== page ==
The fierce price war within the UK’s grocery sector has pushed supermarket sales below the £100 billion level for the first time since 2010, according to a new report.
The Share Centre’s Profit Watch UK study found that food retail revenues in the second quarter of 2016 fell 3% to £99 billion, while overall revenues of UK plc dropped 2.2% to £341.7 billion – a decline of £7.8 billion year on year.
Tesco, the UK’s largest supermarket chain, accounted for most of the drop, with weak UK sales and foreign exchange losses on overseas business.
All of the UK’s big four grocers have struggled to retain market share amid the rising popularity of discounters Aldi and Lidl.
Fierce competition caused intense price pressure, which led to a tough year for British supermarkets.
Meanwhile, other companies exposed to consumer spending enjoyed a boost from a “burgeoning” economy, according to Helal Miah, investment research analyst at The Share Centre.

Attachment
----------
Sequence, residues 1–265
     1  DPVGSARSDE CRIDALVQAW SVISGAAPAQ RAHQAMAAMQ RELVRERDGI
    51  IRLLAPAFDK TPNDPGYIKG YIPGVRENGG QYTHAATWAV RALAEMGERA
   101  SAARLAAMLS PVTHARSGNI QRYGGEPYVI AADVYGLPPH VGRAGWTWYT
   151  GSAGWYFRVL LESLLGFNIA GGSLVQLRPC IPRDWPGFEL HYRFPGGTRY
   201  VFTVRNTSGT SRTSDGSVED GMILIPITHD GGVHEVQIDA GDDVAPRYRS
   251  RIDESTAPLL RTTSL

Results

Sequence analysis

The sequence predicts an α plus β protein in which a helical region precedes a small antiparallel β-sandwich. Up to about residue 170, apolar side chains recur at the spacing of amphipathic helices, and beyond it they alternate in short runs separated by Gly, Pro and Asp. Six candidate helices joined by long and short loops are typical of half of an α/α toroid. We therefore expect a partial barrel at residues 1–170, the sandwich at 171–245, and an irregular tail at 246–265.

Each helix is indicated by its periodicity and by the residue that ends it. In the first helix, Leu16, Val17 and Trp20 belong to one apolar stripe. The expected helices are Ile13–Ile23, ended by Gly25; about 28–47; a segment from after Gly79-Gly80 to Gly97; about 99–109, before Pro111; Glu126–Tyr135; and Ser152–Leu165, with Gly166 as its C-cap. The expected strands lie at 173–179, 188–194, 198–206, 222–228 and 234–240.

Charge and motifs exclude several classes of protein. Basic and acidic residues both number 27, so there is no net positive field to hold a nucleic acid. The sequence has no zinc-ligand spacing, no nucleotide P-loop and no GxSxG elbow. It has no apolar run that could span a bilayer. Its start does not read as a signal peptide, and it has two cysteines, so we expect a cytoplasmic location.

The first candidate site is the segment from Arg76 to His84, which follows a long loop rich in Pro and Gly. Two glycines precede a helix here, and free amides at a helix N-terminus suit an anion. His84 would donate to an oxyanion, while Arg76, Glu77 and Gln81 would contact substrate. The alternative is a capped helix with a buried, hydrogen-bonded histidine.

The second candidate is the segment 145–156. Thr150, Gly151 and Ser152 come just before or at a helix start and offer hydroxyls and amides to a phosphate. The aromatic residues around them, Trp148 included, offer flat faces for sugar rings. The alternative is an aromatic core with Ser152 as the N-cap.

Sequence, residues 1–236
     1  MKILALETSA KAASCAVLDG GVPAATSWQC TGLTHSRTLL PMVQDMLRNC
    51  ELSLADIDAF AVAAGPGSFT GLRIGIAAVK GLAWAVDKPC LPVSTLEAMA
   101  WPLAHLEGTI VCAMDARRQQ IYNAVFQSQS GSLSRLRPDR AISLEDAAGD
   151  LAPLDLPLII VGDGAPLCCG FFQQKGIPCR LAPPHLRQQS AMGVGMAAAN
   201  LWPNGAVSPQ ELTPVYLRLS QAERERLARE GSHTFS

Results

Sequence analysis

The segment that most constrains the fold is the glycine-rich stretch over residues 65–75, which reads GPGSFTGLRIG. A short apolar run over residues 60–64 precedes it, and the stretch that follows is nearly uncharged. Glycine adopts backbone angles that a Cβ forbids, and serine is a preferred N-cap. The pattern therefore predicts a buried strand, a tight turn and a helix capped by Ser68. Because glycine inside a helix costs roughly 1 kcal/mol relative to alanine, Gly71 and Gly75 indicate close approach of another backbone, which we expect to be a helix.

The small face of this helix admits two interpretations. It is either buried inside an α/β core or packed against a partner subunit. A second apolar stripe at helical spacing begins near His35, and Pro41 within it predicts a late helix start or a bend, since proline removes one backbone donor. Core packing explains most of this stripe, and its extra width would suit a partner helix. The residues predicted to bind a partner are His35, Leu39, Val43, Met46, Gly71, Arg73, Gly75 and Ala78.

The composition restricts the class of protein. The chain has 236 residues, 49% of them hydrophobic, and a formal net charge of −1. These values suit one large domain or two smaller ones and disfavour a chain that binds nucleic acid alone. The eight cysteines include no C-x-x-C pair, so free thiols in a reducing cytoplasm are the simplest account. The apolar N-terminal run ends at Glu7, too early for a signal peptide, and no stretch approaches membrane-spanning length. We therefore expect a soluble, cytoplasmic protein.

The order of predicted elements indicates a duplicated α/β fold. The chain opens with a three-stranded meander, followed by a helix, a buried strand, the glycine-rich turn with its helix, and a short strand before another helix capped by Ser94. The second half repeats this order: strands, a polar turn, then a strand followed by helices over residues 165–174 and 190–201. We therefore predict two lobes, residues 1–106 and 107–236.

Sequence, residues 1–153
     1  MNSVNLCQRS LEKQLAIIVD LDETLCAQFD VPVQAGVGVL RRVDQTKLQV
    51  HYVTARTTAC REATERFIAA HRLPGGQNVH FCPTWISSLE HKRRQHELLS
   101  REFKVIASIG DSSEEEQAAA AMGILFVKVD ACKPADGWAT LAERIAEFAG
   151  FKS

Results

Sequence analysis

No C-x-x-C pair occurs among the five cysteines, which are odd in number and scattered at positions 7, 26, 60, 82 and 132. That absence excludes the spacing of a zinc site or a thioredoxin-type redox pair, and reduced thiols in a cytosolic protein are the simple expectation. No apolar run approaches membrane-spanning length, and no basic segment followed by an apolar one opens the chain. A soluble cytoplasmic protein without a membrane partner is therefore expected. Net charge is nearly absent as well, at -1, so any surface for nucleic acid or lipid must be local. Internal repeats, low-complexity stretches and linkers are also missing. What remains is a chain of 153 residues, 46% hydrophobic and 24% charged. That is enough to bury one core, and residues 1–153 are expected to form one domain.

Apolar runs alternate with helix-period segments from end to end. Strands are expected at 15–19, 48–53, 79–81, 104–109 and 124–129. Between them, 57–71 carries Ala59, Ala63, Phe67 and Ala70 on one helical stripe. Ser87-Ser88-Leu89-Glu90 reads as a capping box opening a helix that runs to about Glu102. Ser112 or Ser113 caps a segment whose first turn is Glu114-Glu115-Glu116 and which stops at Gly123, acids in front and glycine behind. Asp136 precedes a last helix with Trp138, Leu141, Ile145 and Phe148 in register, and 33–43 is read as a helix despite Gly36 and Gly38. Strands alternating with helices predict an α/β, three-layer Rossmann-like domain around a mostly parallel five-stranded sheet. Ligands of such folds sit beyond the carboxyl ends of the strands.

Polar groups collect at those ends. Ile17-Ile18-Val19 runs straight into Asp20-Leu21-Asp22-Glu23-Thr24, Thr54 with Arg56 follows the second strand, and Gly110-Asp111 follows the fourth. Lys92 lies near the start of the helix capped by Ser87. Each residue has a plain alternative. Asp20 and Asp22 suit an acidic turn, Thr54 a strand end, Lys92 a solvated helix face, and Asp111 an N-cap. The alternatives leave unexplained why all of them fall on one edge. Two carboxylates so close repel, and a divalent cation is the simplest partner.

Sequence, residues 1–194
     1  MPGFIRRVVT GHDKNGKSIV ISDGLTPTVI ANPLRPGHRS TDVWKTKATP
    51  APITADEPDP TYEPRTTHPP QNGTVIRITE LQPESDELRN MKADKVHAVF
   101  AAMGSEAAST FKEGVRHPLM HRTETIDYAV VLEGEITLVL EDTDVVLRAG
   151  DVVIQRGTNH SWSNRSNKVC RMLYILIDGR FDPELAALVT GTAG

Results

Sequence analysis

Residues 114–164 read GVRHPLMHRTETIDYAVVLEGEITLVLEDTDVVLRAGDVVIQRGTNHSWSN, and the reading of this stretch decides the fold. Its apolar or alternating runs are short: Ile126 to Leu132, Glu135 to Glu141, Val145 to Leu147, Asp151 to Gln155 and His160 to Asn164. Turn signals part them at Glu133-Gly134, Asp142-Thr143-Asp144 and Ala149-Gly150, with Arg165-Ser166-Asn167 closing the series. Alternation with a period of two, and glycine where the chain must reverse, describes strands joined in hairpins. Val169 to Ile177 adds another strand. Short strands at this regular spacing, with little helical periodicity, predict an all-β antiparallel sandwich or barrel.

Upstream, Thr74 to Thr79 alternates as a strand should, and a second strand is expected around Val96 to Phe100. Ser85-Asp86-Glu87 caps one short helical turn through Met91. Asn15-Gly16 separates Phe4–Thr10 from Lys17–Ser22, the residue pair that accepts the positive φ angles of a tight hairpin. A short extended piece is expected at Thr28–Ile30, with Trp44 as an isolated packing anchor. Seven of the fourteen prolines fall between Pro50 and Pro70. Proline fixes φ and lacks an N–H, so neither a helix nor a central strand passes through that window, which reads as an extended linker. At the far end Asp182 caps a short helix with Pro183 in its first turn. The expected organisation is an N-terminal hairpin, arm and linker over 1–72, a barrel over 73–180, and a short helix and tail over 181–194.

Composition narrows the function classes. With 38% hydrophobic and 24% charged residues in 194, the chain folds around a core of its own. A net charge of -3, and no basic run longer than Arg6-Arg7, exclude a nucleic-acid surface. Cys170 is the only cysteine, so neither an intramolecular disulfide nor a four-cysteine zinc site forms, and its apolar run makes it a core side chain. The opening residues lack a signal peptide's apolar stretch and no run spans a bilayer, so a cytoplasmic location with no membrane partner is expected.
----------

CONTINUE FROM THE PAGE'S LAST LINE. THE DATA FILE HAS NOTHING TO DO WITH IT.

However, he added that the boost won’t last long as uncertainty following the Brexit vote hits UK economic growth.
“The implications of the economic slowdown will mean lower demand for sectors such as housebuilders and retailers, while the travel industry is already feeling the effects.
“Easyjet saw its costs soar by £40 million within four weeks of the referendum. Financial services may suffer too, if passporting to the EU fall by the wayside. Profits in these sectors will be harder to come by in Brexit Britain.”
The devaluation of the pound is forecast to help companies with overseas operations, but which publish accounts in sterling. The report said: “The overseas business lines of these companies have suddenly become a lot more valuable in sterling terms. This will be reflected in higher sales and profits in their sterling accounts.”
Mr Miah added: “The devaluation of the pound will boost the sterling value of any overseas business, whether via exports, or from translating the value of overseas operations back into pounds.
“This is more than just accounting. For sterling investors, that will mean extra dividend income from those supercharged profits. This is mainly why the FTSE 100 has performed so well since the referendum.
“Elsewhere, defensive sectors like utilities and pharmaceuticals are likely to be well insulated, not only because demand is relatively steady, but also because they offer high and stable dividends. The one downside is the revaluation of overseas liabilities, which would typically lead to a one-off charge on the sterling income statement.”